On the evening of March 7th this year a couple was leaving Campagnolo, an Italian restaurant, after having a lovely dinner. Campagnolo is known for being owned and operated by a gay woman, Maureen Kalmanson, and often frequented by members of the LGBTQ community. It is a safe environment where gays know they will not be harassed for grabbing a bite to eat while out in public.
The male couple, who wish to remain anonymous, left Campagnolo’s that night holding hands then stopped at the corner to wait for the crosswalk. A car pulled up next to them and the passenger got out and began to harass the men. While calling them “f*ggots” he punched one of them in the back of the head and then pushed him into the street, directly in the path of oncoming traffic. Fortunately, no one was killed in the incident — but only because a witness rushed to help and pulled the man out of the street before he was hit by a car.
The entire incident was caught on the cell phone camera of the victim’s boyfriend and given over to authorities. Additional footage (seen below) is from a security surveillance camera that was released by the Atlanta Police Department.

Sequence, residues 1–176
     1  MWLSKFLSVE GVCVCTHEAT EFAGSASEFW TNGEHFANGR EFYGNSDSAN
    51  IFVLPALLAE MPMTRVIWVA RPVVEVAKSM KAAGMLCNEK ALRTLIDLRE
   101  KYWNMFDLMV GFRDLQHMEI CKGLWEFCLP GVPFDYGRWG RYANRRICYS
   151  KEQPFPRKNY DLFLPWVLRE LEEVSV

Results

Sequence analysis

The release of these videos come on the heels of a once-hoped-for movement this year in the form of state legislation offering protections to the LGBTQ community from hate crimes. Under current federal law, protections have been extended to LGBTQ individuals, but they seem to come with no real backing as most efforts to combat hate crimes must wind their ways through state courts. So state legislation is needed to enforce such measures. Currently Georgia has no protections for LGBTQ people who are victims of hate crimes, so the likelihood of this assault, and others like it, being pursued as what they really are — hate crimes — are slim to none.
According to the Southern Poverty Law Center, LGBTQ individuals make up approximately 17.4% of all reported hate crimes, coming in second to African-Americans, who are the victims of a staggering 41% of reported hate crimes. Currently only 30 states have legislation making hate crimes against LGBTQ illegal, but 15 of them do not cover gender discrimination which leaves members of the ‘T’ in that community vastly under-protected — if not left out altogether.
You can watch the disturbing video below:
H/T: Raw Story | Featured Image: Wikimedia Commons